Events Aren't Important to the Environment
The most important environmental event of the 1980s? There's such a rich list to choose from, mostly disasters.
Chernobyl? Certainly high on the list. Its effects will live on for decades in the soils of Europe, in the cells of plants, animals, and people, and in heightened public distrust of nuclear power.
The Exxon Valdez oil spill? Visually spectacular, a desecration of one of the world's last pristine areas. But after ten years, maybe twenty, barring further spills, nature will probably bounce back from that one.
The discovery of the ozone hole over Antarctica? Though it didn't immediately inconvenience anyone north of Australia, this was a profound event. It provided clear evidence that human-generated pollution can actually derange a planet-sized natural process. It catapulted environmental policy to the global level.
The Hot Summer of '88 with its drought, hurricanes, Yellowstone fires, and contaminated East Coast beaches? Significant, but not for the reasons given at the time. It may or may not have been the kickoff event of world climate change brought on by the greenhouse effect (we may never know enough to know). It was, however, a wake-up call to media, politicians, and the public, launching the second round of environmental fashionability in 20 years. This peak of the cycle will last perhaps one more year before it exhausts the attention span of late-twentieth-century industrial society.
One could nominate other disasters -- the Islip garbage barge, the African drought, the release of toxic chemicals into the Rhine by the Sandoz fire in Basel, and so on. Many environmentalists would argue that for the United States the single worst ecological event of the decade was the election of Ronald Reagan to the Presidency.
There was environmental good news too in the '80s. Debt-for-nature swaps. The Montreal Agreement, bringing international cooperation in cutting back the chemicals that cause the ozone hole. The civic energy now behind recycling. (So far that is going into only into the first half of the process, separating trash. Equal creativity is needed to complete the loop, to create markets for the recycled materials.)
The trouble with choosing, ranking, listing the decade's most important environmental events is that the task itself, the view of history as a series of "events" is wrong-headed. The opening of the Berlin Wall was a momentous event, but it can be seen properly -- and its implications for the future devined -- only in the context of decades of oppression, followed by first a cautious, then an ever more raucous wave of glasnost and perestroika. Environmental "events" even more than political ones are almost always attention-getting blips in underlying patterns that unfold over decades.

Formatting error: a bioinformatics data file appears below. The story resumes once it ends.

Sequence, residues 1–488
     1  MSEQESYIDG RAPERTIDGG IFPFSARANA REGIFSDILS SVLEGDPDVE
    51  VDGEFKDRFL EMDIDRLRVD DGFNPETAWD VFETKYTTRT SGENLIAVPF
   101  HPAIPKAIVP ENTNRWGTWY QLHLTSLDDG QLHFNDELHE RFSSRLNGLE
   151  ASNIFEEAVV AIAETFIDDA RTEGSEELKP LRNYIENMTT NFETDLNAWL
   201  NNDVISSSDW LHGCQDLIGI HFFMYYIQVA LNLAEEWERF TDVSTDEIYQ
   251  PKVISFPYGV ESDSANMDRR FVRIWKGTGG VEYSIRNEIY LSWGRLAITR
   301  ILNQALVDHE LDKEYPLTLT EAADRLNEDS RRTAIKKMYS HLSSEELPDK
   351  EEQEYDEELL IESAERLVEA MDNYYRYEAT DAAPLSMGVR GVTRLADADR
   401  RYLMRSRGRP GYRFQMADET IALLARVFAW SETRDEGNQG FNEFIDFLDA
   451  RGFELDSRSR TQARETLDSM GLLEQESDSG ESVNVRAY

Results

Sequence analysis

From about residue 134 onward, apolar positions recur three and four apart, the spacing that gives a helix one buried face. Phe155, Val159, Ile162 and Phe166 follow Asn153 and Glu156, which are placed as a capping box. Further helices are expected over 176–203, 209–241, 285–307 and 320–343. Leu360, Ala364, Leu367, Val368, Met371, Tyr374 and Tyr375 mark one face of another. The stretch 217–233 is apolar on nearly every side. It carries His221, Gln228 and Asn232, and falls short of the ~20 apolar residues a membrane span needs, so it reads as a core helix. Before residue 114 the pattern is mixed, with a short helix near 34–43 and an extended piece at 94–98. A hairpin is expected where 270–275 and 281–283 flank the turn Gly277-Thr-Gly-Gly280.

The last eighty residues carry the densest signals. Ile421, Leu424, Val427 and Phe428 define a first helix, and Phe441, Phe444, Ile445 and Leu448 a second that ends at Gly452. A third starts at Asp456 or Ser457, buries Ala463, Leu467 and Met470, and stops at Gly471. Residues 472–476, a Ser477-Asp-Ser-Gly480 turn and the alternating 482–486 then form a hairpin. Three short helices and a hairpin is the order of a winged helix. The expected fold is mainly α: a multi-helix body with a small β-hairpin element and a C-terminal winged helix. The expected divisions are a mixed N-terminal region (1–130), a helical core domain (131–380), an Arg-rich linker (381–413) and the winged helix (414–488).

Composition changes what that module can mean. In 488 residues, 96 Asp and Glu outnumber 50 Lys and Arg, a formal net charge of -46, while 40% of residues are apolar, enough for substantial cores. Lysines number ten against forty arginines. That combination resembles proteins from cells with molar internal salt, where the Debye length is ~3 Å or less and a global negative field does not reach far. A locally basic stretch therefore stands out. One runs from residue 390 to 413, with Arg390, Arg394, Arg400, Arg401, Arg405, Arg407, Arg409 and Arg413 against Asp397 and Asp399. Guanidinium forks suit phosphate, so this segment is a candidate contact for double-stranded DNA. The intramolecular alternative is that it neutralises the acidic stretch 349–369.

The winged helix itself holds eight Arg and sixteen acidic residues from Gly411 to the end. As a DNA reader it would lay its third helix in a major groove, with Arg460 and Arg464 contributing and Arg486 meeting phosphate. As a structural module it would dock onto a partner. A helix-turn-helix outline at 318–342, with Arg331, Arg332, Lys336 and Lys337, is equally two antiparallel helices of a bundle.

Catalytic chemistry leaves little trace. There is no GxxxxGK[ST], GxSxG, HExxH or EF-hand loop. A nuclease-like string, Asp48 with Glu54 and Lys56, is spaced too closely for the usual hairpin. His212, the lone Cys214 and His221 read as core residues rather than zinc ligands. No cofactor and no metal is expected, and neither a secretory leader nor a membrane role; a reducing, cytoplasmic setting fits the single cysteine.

The garbage barge was only a trenchant symbol of the never-ceasing, ever-growing streams of garbage pouring into finite holes in the ground. The ozone hole was only a fortuitous concentration in one place of a degradation process that had been accelerating for decades. (Fortuitous because it was spectacular enough to attract attention and because it formed over the unpopulated South Pole instead of Europe or the tropics or North America.)
If we switch our attention from events to the underlying processes that cause events, I would nominate the following as the most important environmental changes of the decade -- and the ones with the greatest import for the decade to come:
- In 1980 the world population was 4.5 billion. In 1990 it will reach 5.3 billion. By the year 2000 it is expected to reach 6.3 billion. That will be an increase over the next ten years equal to the entire current populations of North America, Western Europe, and the USSR combined.
- In 1980 the concentration of carbon dioxide in the atmosphere was 338 parts per million, already 25% above pre-industrial "normal". Now it is about 355 ppm. If our rate of emission of this greenhouse gas continues on its current path, by the year 2000, its concentration will be .
- Over the past decade over 200 million acres of tropical forest has been levelled -- an area the size of
- We don't really know how many species of life have disappeared over the past decade. Estimates range from 3,000 to 30,000. (The total number of species on earth could be anywhere between 3 million and 10 million.) The rate of extinction is expected to go up by a factor of roughly 10 over the next decade. The fact that we don't know these numbers precisely does not detract from their enormity.
The growth of the human population, human economic activity, human exploitation of the earth's resources, and human production of wastes that disturb the natural cycles of the planet -- these are steady, uneventful, but constantly accelerating processes. If we do nothing about them, they will be sure to produce even more newsworthy disasters for the 1990s than we saw in the 1980s. Each will be just a small outbreak, a signal, a symptom of a global system ever more out of balance.
We do, of course, have it within our power to create good news in the 90s. That will come if exert our intelligence, our ingenuity, our common humanity to control our own numbers, our inefficiency, and our greed. It will come if we begin to work out how to meet the important needs of all people without undercutting the environmental processes that sustain everything we do. That's a job not for a decade, but for generations -- but there's no better decade to start than the one we're just about to enter.
(Donella H. Meadows is an adjunct professor of environmental studies at Dartmouth College.)